Notes from the Field

Dialogue & Democracy

November 24, 2020
light blue backdrop on hand illustrated image of an open mouth in black and white, with 'dialogue is a foundation of democracy' written around it

As we’re transitioning into winter, for some of us, that means spending time with friends and family for the holidays, entering an unusually long school break, or being at home for longer than usual. While the holiday season can be filled with joy and laughter, sometimes seeing your loved ones can be difficult, especially if there are political and ideological differences. 

While many of these topics can be filled with strong emotions and opinions, if these conversations do end up happening, it’s possible to hold a productive, meaningful, and civil conversation. 

Here are some tools to keep in mind that can help you navigate difficult conversations with more confidence: 


Listen to understand, not to criticize.

Actively listen to what the other person is trying to communicate, rather than what your response is going to be. Try not to jump in when you hear a comment you disagree with.

Set expectations. The goal is to listen and gain understanding on how the other person feels and views the issue. If you’re trying to change minds, proceed with caution. Accept that you probably won’t be successful, and be careful not to patronize or infantilize the people you’re debating. 

Abandon defensiveness and lead with curiosity.

Although what you believe might make perfect sense to you, others have their own reasons for their beliefs. Instead of being dismissive or unreceptive, ask thoughtful and critical questions about their ideas to help you better understand where they’re coming from. Ask the person to clarify arguments that aren’t making sense to you. You can respectfully challenge each other and still maintain a civil conversation.

Ask questions like:

  • “I’m not sure if I understand that point. Can you explain it again?
  • “I’ve never thought about it that way before. Can you tell me more?”
  • “I can see you feel strongly about this. Why is this issue important to you?”
  • “Can I ask where you heard that?”
  • “What makes you feel that way?”

Be open to learning and changing your opinion if new, compelling information is presented, even if it supports alternative beliefs than your own.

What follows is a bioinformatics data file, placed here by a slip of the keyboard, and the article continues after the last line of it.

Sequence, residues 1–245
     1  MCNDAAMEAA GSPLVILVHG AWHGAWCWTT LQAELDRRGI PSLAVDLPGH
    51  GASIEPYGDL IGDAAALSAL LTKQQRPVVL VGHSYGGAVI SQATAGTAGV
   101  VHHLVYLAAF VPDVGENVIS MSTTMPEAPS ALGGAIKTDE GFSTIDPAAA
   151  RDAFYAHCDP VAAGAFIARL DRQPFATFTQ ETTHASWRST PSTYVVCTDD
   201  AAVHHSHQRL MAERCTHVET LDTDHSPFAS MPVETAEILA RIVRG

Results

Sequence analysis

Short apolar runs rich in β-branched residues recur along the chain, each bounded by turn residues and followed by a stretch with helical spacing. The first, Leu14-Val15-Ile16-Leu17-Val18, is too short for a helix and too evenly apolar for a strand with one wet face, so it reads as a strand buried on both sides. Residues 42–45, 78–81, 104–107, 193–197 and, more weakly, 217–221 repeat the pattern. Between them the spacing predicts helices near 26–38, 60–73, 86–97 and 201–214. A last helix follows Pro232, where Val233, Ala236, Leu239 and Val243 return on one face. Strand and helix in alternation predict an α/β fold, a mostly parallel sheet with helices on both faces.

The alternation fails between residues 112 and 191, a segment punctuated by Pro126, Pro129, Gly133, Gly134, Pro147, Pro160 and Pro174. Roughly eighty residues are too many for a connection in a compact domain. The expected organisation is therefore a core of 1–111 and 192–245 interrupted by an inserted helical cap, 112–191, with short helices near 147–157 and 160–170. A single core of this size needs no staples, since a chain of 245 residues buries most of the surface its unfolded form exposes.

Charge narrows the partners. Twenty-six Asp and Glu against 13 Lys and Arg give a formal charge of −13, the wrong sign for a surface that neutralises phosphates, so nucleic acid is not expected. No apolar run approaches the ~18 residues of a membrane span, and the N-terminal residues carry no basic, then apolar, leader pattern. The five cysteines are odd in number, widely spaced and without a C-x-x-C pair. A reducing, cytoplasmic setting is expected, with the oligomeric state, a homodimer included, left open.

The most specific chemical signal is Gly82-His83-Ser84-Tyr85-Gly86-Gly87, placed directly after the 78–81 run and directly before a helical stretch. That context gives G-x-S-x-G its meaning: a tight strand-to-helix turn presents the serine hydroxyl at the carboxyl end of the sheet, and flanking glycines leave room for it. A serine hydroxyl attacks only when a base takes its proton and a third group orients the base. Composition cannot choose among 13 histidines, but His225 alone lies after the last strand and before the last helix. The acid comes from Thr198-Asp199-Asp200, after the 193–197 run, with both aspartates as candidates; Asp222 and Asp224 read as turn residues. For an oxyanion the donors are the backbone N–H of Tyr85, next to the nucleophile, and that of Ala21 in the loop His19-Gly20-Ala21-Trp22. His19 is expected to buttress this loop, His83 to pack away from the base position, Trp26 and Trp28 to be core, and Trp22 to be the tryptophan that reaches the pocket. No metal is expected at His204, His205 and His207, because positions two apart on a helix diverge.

Being respectful makes a huge difference.

Body language and tone are powerful tools of communication. Sticking to “I” statements helps to continue conversations about issues from a place of mutual respect and trust. 

This can sound like:

  • “This policy hurts me because it restricts my…”
  • “I’m directly impacted by ____, and it makes me feel…”
  • “From my perspective…”

If you raise your voice, demean, disrespect, make broad generalizations, or call the other person names, you’re not doing yourself or anyone else any good.

This goes for body language, too. Nonverbal cues can account for over 50% of what you’re communicating. Direct eye contact and nodding lets the person know that you’re listening, but rolling your eyes, heavily sighing, scoffing, or constantly checking your phone might exacerbate the situation.

Explore shared values.

Focus on areas of agreement rather than highlighting divisions. Find common ground based on the core of your and the other person’s emotions, rather than creating a contest of who’s right or wrong. 

Try to step into the other person’s shoes, and invite them to step into yours. Share personal stories and allow yourself to be vulnerable. Explain why you care, what worries you, and your hope for the future. Be cognizant of how you share facts; use information to increase understanding, rather than as a weapon. 

Lean into a support network.

If you’re expecting to have a difficult conversation, if possible, ask another person who will be in the same space to be a proactive bystander and support you during the conversation.

Call a friend or family member after a hard conversation to rant, find comfort, and/or get support.

Establish & honor boundaries.

Most importantly, set your boundaries. Don’t be afraid to express you are no longer comfortable with a conversation and end the conversation entirely if it becomes disrespectful or hurtful. Some battles are not worth fighting, especially at the sake of your emotional or mental health.

If you find yourself in a group setting and are feeling pressured, hurried, or anxious with an audience who might take sides, and feel that a meaningful conversation would better thrive in a private conversation, do that.

  • “I don’t want for this to become a group argument. I really want to know more about how you feel about ___. Can we talk later?”
  • “I really want to understand where you’re coming from. Can we talk in private later?”
  • “I want to take some time by myself to learn more about this topic. Can we reconnect later?”

Remember to take a step back if you need to. Slow down, take a deep breath, and give yourself a moment to process your emotions before they negatively dictate your actions or words. If you need to take a break, let them know that the conversation is really important to you, but you need to cool down so that you can really listen and continue to have a meaningful dialogue.

No doubt, the holidays can be a stressful time, especially when we’re navigating an extremely divided country. Whether you decide to intentionally hold difficult conversations, avoid it entirely, or play it by ear, having an open dialogue, no matter the topic, can be an opportunity to connect with, understand, and learn from our friends and family.


Illustration in cover piece by Rachel Dunlap. [instagram: @rayart.co]